Cogito, ergo sum


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MipMaps are downscaled versions (by powers of two) of a Texture that are automatically created if you select Create MipMaps when importing a texture.

The engine uses MipMaps to reduce jitter on textured surfaces when they're viewed from a distance; this process is called bilinear filtering. When drawing a brush surface on the screen, the engine selects the MipMap that fits best; in fact, different parts of the surface can be textured with different MipMaps. Blending multiple MipMaps is called trilinear filtering.

While the Unreal engine supports Textures up to sizes beyond 256x256, some (older) video hardware can't go higher than that. In order to accommodate that, the engine then simply selects the largest MipMap the hardware can handle and displays that instead. So, feel free to use large textures, but if you do, always create MipMaps for them.

ScriptedTextures, FireTextures and other Dynamic Textures have in principle no MipMaps and thus are restricted to 256x256 pixels. MipMaps also aren't used on meshes, so the same restriction applies for them as well.


Until anyone else uploads this anywhere, download the sample this location. I hope it helps somehow :)

Bright red is top detail (original texture), lower detail = darker red. The smallest MipMaps (8x8 and lower) are black.

Types of texture that should not have MipMaps[edit]

MipMaps should never be created for any texture that is going to be used for anything Interface-related. Player Portrait images and weapon HUD icons are two examples of this.

Mychaeel: I disagree. MipMaps can greatly enhance the display of a downscaled image; otherwise the video card just skips pixels when drawing a downscaled texture or texture part on the HUD.
Legal: I agree with Mychaeel here - MipMaps are often great for Player Portraits in example, however you should make sure the MipMaps doesn't look like shit. The .dds plug-in for Photoshop allows you to see and edit individual MipMaps of textures. If something can't be done with MipMaps, like sometimes the scope of a sniper rifle, leave it out. But make it a last option.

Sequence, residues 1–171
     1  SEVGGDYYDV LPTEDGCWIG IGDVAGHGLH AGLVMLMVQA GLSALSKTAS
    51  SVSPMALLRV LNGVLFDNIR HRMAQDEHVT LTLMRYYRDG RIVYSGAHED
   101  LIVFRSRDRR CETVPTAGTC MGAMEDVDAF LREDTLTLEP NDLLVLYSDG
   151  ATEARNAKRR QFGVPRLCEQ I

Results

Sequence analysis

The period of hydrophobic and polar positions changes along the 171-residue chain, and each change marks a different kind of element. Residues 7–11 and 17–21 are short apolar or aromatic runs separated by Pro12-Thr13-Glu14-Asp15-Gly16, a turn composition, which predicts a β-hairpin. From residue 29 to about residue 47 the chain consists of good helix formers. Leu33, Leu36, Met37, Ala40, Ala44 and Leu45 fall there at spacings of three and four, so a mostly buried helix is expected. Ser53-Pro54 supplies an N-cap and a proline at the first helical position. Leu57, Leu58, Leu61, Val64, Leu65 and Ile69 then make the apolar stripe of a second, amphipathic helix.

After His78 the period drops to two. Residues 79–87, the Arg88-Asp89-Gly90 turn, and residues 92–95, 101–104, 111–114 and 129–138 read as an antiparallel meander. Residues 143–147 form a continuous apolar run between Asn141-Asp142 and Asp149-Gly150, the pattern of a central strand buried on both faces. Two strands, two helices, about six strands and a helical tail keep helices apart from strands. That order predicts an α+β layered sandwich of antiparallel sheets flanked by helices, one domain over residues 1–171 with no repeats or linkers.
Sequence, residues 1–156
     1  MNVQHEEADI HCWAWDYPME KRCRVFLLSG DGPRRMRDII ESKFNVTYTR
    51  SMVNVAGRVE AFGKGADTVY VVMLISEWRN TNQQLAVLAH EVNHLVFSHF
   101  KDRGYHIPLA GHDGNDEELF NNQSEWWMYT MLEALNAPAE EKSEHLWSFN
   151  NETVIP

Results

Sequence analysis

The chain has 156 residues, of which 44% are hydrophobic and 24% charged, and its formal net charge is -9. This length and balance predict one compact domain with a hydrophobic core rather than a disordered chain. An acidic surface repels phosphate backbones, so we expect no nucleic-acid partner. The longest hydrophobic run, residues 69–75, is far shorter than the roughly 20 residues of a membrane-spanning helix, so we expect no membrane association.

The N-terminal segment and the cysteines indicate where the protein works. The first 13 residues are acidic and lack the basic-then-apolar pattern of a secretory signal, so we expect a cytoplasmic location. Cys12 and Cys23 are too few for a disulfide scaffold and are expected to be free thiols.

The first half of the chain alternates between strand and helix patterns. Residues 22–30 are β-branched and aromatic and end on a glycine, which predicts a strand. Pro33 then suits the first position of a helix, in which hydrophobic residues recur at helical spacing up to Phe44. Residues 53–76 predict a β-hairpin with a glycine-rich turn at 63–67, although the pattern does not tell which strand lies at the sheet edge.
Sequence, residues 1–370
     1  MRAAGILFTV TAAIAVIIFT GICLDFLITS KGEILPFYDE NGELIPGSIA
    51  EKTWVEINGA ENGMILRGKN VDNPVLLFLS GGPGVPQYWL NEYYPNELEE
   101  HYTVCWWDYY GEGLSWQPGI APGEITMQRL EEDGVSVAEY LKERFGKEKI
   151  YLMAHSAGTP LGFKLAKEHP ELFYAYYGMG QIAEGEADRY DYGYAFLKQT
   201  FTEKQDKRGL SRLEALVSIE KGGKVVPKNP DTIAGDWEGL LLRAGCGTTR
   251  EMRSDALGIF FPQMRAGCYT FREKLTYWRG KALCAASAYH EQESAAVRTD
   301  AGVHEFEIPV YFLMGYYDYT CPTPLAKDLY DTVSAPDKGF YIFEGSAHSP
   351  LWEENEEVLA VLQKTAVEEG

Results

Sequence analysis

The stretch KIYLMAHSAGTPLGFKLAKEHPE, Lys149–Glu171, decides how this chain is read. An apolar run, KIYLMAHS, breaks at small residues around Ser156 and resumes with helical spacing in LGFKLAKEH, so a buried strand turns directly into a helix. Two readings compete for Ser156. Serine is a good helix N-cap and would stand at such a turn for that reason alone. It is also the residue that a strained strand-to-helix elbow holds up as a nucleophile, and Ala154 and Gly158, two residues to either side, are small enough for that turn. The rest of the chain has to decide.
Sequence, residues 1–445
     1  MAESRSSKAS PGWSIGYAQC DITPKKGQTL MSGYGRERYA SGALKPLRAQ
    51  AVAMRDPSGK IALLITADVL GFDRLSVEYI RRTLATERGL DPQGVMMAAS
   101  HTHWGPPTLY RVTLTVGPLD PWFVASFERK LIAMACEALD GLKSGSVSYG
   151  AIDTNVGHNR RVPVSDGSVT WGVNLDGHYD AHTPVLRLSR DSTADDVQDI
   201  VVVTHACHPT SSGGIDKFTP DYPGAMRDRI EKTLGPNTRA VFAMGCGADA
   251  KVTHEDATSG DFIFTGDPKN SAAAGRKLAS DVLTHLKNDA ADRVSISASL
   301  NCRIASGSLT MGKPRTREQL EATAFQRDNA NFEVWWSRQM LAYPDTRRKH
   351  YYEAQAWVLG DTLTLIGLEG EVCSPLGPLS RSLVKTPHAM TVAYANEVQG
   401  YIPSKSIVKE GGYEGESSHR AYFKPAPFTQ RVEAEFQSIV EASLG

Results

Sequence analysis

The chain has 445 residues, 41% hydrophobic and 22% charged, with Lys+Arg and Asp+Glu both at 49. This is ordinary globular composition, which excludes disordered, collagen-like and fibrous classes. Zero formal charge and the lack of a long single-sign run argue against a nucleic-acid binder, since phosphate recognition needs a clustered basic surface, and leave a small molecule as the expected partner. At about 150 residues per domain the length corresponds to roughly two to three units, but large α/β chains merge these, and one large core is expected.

A note about Terrain Heightmap images: there is absolutely no need to create mipmaps for a G16 heightmap image, as the texture itself will never be seen within the game. Mipmaps are purely aesthetic in their nature, so a good rule of thumb would be: If you can't see it in-game, it doesn't need mipmaps (excepting Interface content as mentioned above of course).
Drak: I generally drop the mips for masked textures, this reduces the mask from being blurred in the distance. Also, 2003 & 2004 have an LODset property found within the texture's properties dialog box under 'Texture' that will decide which mip is best for the engine internally. Just select the appropriate one such as: LODset_Interface. In fact, this property should be set for your level preview screenshots for instance. By default LODset_World is selected upon import.
XpanD: I'm working on a tutorial map for a gametype (BunnyTracks for anybody interested) in UT1 at the moment, and I'm using a lot of floating text in the map (in 12 human-translated languages, and every texture is 256x256 size and masked). Well, anyways... I found that when I turn off MipMaps, those textures I'm using to display the translation are a lot crisper when looked at from afar. So... For text I'd personally recommend people to not use MipMaps, unless you actually WANT the text to blur when you get a certain distance from it. Oh, one more thing... The file I loaded all of these textures into also lost about 1.5MB in size, going from 8MB to just 6.6MB. :)